Lipid soluble opioids do move in cerebrospinal fluid

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The circular economy calls for a coordinated redesign of production and consumption patterns, ensuring that cascading material and product resource use continues for as long as possible. Moving away from the 'take, make, use and dispose' paradigm, the circular economy aims to extract the maximum value and utility from resources and products, encouraging principles such as zero-waste design, product-life extension and resource recovery, as well as repair and remanufacture services. Beyond waste reduction and recycling, a more circular textile sector needs to involve industrial, commercial and policy-making communities; spurring new forms of collaborations between and across traditionally linear value chains. Indeed, whilst technology innovation is crucial, with the search for new and improved ways to sort, separate, decontaminate and recycle textile fibres, the importance of process and business innovations must not be overlooked. This paper looks at the Horizon 2020 funded research project Resyntex, which strives to implement a circular redesign in the textiles sector. Within Resyntex, the authors have conducted stakeholder consultations in four geographically distinct regions throughout Europe, which utilise different approaches to the collection of textile waste, sourced from consumers, industry and institutions. The consultations took place in participatory, multi-stakeholder focus groups, whereby careful attention was paid to ensuring a balanced participation, bringing in diverse viewpoints and experiences and overcoming issues around competition and commercial sensitivity. Examining textile waste routes and their corresponding mosaic of collectors, sorters and recyclers, this paper identifies the key drivers and opportunities for textile waste collectors for a transition to more circular value chains. Through stakeholder engagement, the research proposes how conditions for collectors' adoption of circular practices can be improved, while avoiding sectoral disruption and ensuring maximum effectiveness of the redesigned chain of secondary textiles.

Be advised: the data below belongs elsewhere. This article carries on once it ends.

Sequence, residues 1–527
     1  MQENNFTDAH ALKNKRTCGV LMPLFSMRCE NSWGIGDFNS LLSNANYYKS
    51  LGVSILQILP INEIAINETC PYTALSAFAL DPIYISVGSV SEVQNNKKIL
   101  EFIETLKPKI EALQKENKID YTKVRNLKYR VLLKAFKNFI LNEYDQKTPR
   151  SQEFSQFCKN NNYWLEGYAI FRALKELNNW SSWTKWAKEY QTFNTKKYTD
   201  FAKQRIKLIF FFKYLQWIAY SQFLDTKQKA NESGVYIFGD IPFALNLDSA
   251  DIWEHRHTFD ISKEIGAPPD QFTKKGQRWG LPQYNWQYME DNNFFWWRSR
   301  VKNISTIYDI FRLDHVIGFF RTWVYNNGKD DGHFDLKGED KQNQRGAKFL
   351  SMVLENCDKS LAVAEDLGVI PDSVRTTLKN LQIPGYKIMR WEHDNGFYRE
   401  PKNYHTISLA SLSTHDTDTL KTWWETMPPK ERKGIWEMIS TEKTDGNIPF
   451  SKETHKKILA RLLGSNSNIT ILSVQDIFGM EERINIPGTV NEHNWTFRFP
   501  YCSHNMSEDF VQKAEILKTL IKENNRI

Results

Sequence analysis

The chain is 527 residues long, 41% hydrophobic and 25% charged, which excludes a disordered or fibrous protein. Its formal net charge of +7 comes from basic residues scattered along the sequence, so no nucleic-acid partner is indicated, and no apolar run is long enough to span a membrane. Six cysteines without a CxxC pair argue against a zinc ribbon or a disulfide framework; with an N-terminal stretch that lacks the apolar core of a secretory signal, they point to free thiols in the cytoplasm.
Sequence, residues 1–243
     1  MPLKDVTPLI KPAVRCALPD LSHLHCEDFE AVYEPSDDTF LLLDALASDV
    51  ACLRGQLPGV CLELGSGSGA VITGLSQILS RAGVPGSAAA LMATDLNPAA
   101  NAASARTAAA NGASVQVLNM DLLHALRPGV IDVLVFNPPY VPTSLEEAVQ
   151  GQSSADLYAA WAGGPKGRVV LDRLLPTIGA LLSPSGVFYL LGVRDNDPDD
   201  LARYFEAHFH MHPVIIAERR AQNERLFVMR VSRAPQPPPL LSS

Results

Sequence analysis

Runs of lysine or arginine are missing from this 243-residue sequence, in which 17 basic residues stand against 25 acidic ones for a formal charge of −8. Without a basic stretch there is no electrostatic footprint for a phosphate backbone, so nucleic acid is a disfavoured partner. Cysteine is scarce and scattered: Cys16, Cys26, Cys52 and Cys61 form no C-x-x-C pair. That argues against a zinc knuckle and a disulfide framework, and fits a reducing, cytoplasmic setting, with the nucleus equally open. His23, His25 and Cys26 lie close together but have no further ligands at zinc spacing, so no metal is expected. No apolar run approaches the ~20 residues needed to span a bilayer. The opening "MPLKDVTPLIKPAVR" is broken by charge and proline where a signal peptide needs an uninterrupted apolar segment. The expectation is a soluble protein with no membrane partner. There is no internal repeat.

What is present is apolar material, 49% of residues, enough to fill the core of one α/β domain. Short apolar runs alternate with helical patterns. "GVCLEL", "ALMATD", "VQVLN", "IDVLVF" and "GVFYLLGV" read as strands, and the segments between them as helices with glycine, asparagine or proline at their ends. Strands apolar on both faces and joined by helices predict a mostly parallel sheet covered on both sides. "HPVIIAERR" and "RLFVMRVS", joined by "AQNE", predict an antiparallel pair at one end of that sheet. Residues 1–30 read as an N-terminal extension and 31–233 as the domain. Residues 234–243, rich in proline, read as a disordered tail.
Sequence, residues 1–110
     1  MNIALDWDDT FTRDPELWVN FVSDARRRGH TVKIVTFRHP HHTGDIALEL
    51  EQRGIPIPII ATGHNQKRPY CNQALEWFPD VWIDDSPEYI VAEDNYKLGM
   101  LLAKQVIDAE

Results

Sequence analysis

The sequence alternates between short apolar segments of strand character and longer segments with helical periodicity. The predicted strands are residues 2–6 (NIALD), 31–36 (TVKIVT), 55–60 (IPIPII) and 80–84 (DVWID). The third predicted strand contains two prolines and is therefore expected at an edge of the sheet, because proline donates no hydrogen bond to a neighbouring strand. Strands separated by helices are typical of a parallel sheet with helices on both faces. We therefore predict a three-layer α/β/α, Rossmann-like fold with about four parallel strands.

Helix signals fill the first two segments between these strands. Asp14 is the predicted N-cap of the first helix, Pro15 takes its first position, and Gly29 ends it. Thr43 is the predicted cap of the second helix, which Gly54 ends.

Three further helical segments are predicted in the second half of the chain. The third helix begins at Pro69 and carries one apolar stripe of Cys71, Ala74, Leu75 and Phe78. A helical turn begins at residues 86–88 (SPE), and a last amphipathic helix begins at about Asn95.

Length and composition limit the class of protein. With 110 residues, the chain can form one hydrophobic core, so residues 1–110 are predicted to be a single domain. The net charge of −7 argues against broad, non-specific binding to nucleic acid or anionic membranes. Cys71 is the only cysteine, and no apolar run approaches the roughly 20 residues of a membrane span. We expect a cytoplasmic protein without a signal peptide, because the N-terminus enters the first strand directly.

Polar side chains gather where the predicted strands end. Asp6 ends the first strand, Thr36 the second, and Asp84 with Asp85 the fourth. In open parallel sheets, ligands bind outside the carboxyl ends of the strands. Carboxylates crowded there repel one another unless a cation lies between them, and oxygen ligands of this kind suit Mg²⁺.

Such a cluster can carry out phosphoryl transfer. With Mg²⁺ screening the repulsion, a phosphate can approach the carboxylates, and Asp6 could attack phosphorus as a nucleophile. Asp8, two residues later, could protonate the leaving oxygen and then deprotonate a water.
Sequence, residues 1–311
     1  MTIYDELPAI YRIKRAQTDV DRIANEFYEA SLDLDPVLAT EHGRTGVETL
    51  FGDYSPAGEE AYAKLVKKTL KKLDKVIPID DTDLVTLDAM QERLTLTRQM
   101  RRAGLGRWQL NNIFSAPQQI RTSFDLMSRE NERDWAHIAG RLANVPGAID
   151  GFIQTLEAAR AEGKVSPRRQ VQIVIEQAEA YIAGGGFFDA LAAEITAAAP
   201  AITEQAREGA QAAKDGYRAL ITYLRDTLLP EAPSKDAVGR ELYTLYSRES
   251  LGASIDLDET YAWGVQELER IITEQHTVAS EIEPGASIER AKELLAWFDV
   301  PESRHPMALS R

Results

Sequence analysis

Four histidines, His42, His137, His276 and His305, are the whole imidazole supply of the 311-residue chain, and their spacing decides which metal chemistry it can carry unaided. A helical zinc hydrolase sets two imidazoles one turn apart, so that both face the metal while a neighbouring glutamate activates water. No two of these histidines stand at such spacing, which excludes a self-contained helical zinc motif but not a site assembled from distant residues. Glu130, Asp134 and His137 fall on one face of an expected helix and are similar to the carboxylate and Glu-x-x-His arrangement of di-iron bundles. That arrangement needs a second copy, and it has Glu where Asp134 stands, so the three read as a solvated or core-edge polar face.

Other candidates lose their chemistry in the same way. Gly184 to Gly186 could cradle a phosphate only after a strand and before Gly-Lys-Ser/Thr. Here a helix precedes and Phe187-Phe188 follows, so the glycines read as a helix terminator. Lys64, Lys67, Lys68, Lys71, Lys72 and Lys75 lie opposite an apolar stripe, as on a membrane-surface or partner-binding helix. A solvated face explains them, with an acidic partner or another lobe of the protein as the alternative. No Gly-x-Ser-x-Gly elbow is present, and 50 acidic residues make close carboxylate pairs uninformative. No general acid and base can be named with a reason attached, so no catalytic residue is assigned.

Eisenach, J. C. (2001). Lipid soluble opioids do move in cerebrospinal fluid. Regional Anesthesia and Pain Medicine, 26(4), 296–297.

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